ATLANTA — Georgia Power is planning to ask the Georgia Public Service Commission to decertify and close up to 15 coal and oil-fired power units or three plants across the state — a move that will impact nearly 500 employees.
The request to close units 3 and 4 at Plant Branch in Putnam County; units 1-5 at Plant Yates in Coweta County; units 1 and 2 at Plant McManus in Glynn County, and units 1-4 at Plant Kraft in Chatham County will be included in Georgia Power's updated Integrated Resource Plan that will be filed with the PSC on Jan. 31.
Plant Mitchell in Dougherty County will not be impacted, Georgia Power Albany Manager Jay Smith said Monday.
Lemuel Edwards, the general manager at the Albany Water, Gas & Light Commission, said Monday that Georgia Power's decision shouldn't impact how the Albany utility purchases its power. WG&L buys electricity from the Municipal Electric Authority of Georgia, which has a stake in many of the Georgia Power-owned power plants across the state.
WG&L also gets some power from the South Eastern Power Administrators, or SEPA, which is mostly hydro-electric power.
"But they've known for a while now that the federal government is slowly pushing folks to get out of the coal-burning business because of environmental issues, so MEAG and Georgia Power have been putting a big emphasis on expanding their nuclear power units," Edwards said.
Georgia Power expects to ask for the closures to happen by April 16, 2015, which is when the U.S. Environmental Protection Agency's Mercury and Air Toxics rule is set to begin. The PSC is expected to vote on the de-certification request this summer.
Mark Williams, a spokesman for Georgia Power, says that company-wide, 500 employees would be impacted by the closures.
"We hope to trim down as many as we can of those positions through attrition and to shift the remaining employees to other facilities," Williams said.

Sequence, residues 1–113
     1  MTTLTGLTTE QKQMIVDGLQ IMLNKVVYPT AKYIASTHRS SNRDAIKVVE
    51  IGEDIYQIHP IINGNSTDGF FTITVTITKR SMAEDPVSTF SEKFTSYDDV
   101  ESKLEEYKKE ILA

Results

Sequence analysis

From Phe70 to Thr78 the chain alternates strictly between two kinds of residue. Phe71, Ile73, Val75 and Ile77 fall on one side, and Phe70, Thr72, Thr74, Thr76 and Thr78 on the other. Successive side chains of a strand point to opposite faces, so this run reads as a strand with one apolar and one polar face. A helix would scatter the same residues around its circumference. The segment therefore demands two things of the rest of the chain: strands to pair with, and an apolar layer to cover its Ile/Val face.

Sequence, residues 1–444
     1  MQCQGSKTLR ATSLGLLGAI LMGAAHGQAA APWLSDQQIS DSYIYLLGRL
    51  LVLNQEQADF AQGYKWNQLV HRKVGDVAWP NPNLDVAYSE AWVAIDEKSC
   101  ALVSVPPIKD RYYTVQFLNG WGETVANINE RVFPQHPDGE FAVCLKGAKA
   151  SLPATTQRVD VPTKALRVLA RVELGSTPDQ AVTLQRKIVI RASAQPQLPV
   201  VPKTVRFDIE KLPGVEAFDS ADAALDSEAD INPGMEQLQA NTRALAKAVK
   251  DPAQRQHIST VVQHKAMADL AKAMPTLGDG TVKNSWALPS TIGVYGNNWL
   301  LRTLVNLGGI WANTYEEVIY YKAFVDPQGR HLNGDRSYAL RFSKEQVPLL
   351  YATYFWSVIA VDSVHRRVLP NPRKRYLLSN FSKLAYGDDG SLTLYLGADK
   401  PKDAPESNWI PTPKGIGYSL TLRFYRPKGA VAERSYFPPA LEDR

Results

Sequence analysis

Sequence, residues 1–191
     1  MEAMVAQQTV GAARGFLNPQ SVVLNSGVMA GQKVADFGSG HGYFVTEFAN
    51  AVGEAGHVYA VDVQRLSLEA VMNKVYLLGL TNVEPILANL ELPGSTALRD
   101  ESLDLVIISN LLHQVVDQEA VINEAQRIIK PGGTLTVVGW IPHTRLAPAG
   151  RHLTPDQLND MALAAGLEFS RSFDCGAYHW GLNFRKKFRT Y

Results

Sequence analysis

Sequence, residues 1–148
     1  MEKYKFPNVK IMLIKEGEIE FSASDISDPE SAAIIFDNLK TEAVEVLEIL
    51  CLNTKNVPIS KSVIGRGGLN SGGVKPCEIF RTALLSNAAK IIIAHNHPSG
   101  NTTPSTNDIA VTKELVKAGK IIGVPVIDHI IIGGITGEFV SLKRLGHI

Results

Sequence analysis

Several factors — including the cost to comply with existing and future environmental regulations, recent and forecasted economic conditions, and lower natural gas prices — contributed to the decision to close these units.
Additionally, the company will ask for de-certification of Boulevard 2 and Boulevard 3 combustion turbine generating units in Savannah upon approval of the IRP, because of the costs to repair and operate the units.
"We recognize the significant impact that these retirements will have on the local communities and we took that into account when making these decisions," said Georgia Power President and CEO Paul Bowers in a press release Monday.
"These decisions were made after extensive analysis and are necessary in order for us to maintain our commitment to provide the most reliable and affordable electricity to our customers. We are in the midst of a significant transition in our fleet that will result in a more diverse fuel portfolio – including nuclear, 21st century coal, natural gas, renewables and energy efficiency – to ensure we maintain our commitment for generations to come," he said.
The company will also request that units 6 and 7 at Plant Yates switch from coal to natural gas. Additionally, Unit 1 at Plant McIntosh, near Savannah, will switch from Central Appalachian coal to Powder River Basin coal. The fuel switches are the result of the company's evaluation of the MATS rule, other existing and expected environmental regulations, and economic analyses.
The rest of Georgia Power's coal-fired fleet, including the units at plants Bowen, Hammond, Scherer and Wansley, are already in the process of installing additional environmental controls in order to comply with the MATS rule.
Georgia Power will continue to evaluate existing and expected federal and state environmental rules involving air emissions, water treatment, coal ash and gypsum to determine the economics of taking actions to comply with environmental regulations on generating units at Georgia Power plants.
Georgia Power currently operates 11,387 MW of coal-fueled generation at 10 plants across the state. Overall, the company has 18,623 MW of capacity, including nuclear, natural gas and hydro generation.
Georgia Power received approval in March 2012 for the decertification of Plant Branch units 1 and 2, which total 569 MW, effective Dec. 31, 2013 and Oct. 1, 2013, respectively; and Unit 4C at Plant Mitchell in Albany, totaling 33 MW, effective March 26, 2012.
Georgia Power is the largest subsidiary of Southern Company (NYSE: SO), one of the nation's largest generators of electricity. The company is an investor-owned, tax-paying utility with rates below the national average. Georgia Power serves 2.4 million customers in 155 of Georgia's 159 counties.